Sandia engineers inspect a bank of switchgear, which are used to monitor, control, and protect different power assets that make up a microgrid.

The days and weeks following a natural disaster are a critical time for residents, emergency response teams, and government entities to recover and rebuild infrastructure. Recovery can be time consuming and rebuilding after disaster presents a critical juncture that requires methodical planning; however, few communities rebuild with resilience in mind.

A microgrid is electrical infrastructure that uses a system of power generation and automatic control to link buildings and other assets in a designated area, ensuring access to electricity for these buildings even if the power grid goes down. Sandia refers to these groups of microgrid buildings as resilience nodes because they assure access to essential services and allow for response and recovery after electric grid disruptions.

Island and rural communities present a unique opportunity for resilience research and development. Sandia, along with various partners, has developed a microgrid resilience modeling tool to help identify critical infrastructures in isolated and island communities.

The Microgrid Design Toolkit (MDT) developed by Sandia characterizes the trade-space and provides what-if analysis of design choices to provide quantitative insights to decision makers for hybrid energy solutions. Using the MDT tool, utilities or other community stakeholders, such as universities, can identify vulnerabilities in infrastructure particularly susceptible to natural disasters and related consequences. Cities and communities can then use the model to inform future building, policies, and emergency response plans.

The MDT couples an advanced design-level optimization search algorithm with a microgrid sizing capability that determines the cost versus load payment on all proposed microgrid placements. Using these algorithms and models, researchers can identify a net present value for day-to-day microgrid load to eventually reach a profitable outcome.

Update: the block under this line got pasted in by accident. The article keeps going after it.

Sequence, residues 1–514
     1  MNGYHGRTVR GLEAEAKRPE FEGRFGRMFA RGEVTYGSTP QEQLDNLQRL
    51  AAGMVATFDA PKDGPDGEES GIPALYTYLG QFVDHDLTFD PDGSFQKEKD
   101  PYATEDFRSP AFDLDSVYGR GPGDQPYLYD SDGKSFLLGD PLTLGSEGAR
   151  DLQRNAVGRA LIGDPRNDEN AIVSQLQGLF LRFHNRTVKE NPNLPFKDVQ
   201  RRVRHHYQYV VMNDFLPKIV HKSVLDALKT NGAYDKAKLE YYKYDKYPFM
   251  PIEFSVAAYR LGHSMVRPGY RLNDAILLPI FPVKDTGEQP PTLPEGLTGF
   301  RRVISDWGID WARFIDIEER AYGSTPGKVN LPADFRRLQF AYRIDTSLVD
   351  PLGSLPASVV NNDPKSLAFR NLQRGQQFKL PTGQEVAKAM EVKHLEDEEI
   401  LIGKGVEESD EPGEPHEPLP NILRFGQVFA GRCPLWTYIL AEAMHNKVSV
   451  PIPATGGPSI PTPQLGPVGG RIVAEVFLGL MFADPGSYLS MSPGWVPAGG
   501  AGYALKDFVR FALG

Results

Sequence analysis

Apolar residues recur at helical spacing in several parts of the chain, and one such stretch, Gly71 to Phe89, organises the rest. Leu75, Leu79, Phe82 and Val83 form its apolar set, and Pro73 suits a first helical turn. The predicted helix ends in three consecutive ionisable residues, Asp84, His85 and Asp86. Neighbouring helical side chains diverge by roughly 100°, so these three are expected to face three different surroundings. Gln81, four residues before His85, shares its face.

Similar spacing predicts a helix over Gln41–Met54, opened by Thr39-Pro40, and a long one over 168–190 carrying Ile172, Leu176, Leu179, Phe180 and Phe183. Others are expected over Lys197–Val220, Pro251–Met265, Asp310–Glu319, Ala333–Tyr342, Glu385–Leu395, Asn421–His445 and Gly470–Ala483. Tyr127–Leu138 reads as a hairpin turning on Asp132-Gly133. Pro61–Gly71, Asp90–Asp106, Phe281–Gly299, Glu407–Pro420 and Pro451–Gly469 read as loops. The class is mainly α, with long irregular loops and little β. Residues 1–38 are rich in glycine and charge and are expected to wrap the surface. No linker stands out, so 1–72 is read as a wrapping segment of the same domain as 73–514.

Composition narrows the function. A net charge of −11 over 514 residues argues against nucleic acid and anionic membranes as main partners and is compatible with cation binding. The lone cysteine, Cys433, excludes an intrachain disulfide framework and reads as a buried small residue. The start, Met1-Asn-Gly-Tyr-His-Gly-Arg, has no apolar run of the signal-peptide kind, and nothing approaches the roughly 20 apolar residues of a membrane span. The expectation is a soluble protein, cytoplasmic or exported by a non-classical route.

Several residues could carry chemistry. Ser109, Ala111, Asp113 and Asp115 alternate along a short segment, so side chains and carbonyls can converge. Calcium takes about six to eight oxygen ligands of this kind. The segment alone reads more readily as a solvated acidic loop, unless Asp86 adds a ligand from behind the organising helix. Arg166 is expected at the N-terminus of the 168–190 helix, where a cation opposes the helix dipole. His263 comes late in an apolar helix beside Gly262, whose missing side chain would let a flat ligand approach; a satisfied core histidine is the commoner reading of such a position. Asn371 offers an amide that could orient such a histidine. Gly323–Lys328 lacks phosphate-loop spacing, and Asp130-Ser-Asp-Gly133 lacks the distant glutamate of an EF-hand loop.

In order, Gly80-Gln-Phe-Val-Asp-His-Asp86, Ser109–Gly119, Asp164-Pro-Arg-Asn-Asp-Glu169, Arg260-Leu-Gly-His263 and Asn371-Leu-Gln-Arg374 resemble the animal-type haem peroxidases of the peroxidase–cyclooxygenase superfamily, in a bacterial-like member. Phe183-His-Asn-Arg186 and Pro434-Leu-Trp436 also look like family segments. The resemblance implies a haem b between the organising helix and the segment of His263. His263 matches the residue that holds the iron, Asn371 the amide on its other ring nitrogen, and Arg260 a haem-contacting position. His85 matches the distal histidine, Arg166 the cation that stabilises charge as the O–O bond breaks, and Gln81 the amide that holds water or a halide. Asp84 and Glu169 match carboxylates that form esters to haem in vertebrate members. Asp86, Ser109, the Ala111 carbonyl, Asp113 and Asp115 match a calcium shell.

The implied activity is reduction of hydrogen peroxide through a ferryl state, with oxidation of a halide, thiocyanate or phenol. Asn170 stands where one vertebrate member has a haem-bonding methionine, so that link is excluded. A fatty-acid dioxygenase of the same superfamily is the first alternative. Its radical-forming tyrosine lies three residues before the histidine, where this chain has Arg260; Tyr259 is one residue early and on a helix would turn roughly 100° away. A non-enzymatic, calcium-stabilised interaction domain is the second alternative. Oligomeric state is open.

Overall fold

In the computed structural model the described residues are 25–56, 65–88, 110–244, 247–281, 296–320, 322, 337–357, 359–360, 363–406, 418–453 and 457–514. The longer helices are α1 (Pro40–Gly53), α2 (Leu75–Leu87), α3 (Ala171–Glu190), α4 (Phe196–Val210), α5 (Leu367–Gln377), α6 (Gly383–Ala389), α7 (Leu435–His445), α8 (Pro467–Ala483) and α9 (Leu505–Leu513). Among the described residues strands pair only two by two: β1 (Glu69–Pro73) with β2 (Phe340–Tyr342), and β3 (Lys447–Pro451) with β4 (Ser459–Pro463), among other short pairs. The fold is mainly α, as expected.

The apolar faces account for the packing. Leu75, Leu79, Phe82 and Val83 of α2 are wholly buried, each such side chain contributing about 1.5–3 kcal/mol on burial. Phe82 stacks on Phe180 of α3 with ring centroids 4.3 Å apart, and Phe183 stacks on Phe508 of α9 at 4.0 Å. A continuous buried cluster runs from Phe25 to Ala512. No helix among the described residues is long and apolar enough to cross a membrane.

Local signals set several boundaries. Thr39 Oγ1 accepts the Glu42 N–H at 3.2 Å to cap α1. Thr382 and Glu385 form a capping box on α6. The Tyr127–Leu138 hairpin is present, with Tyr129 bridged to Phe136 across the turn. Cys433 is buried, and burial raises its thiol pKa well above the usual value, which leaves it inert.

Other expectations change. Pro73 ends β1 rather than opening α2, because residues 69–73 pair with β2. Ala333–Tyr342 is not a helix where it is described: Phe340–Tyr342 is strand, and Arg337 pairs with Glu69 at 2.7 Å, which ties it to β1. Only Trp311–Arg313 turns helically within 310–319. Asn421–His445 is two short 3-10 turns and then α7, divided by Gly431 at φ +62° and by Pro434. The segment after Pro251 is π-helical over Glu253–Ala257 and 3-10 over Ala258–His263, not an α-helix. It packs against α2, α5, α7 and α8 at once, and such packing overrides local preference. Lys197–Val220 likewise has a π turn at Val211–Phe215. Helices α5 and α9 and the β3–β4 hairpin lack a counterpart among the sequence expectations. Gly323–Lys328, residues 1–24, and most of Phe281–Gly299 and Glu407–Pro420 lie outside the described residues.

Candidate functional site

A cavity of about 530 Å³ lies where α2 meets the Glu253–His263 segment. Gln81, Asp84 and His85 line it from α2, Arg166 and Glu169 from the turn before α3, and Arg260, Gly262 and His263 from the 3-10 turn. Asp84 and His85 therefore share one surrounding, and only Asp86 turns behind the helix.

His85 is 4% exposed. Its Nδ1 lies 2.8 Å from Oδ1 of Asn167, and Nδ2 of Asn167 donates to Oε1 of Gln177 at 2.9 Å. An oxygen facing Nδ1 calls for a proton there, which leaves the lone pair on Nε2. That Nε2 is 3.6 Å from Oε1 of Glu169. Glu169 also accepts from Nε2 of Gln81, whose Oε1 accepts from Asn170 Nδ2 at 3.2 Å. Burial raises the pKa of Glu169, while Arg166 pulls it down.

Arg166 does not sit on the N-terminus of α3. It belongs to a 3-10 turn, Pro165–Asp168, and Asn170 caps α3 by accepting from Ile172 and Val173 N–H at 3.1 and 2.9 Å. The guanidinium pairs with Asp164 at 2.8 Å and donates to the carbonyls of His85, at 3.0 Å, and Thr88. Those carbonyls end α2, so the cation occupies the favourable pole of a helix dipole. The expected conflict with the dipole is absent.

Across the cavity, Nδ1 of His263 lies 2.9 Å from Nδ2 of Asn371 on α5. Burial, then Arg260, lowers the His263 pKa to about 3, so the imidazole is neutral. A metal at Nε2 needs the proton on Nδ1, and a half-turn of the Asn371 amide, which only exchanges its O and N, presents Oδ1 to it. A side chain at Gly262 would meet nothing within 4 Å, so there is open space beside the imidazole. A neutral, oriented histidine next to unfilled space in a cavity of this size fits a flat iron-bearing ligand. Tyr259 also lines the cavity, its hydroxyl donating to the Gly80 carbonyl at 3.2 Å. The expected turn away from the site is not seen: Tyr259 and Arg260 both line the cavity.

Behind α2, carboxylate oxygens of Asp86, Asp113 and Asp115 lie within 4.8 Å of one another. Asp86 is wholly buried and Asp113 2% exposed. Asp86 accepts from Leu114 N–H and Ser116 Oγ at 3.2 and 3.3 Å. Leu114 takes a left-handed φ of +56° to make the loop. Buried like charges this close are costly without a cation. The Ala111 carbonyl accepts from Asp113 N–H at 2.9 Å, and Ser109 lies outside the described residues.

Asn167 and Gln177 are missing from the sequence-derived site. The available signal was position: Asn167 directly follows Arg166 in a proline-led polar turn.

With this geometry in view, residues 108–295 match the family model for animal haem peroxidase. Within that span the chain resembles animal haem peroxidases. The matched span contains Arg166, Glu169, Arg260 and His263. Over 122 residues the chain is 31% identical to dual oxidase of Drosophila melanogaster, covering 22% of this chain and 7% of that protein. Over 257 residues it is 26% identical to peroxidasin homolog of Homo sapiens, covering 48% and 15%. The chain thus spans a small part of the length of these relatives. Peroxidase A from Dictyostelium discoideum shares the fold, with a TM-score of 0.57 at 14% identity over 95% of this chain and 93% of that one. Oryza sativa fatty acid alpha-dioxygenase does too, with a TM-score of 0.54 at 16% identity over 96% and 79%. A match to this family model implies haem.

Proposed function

After Hurricane Maria in September 2017, Puerto Rican dependence on local electric supply prompted DOE-funded research on grid modernization and improvement. As part of this research, Sandia worked alongside the Puerto Rico Industrial Development Corporation to deploy six microgrid demo sites across the island.

These sites were intended to generate power to key infrastructure buildings, such as hospitals, during a time when the Puerto Rican Emergency Relief Administration could not address all critical power needs on the island. The demo sites were also used to develop replicable microgrids intended for use across the island and eventually in other rural, isolated communities.

In addition to the focus on rebuilding resilient infrastructure, the research team was faced with the additional burden of presenting a resilience plan that could be stood up in a condensed timeframe to assure residents have access to critical resources. The first phase of Puerto Rico resilience work focused on identifying opportunities to understand the community and critical infrastructure and ways to reduce societal burden.

Sandia researcher Bobby Jeffers said the societal burden is, “how hard people have to work to get critical infrastructure needs satisfied. It is determined by the level of effort required for people to satisfy their needs, divided by their overall ability.

“The higher the effort and lower the ability, the greater the societal burden,” he said. Societal burden metrics can include shelter, food, water, or other critical needs, and can be quantified by city zone, district, census block, or general geographic region.

The second phase of resilience work in Puerto Rico includes capacity building and workforce development. The phase two team is developing the Resilience Node Cluster Analysis Tool (ReNCAT), which optimizes locations for microgrids across a large planning region focused on decreasing societal burden at least cost.

Phase two also incorporates use of the quasi-static time series, which assesses the time-dependent aspects of power flow, frequency, and possible impacts of photovoltaic deployment on the grid.

The team continues to work on ReNCAT 2.0, which couples with MDT to provide a holistic cost benefit and societal burden analysis of any geographic region. Additional future work includes development of an explicit algorithm that no longer requires manual review of grid topology to automatically pinpoint opportunities for maximum community benefits and grid constraints.

“The rebuilding focuses on providing utility access and regulatory support as soon as possible after a disaster,” said former Sandia manager Abraham Ellis. “Whereas, without the tool, some areas of Puerto Rico could be without power for six to twelve months.”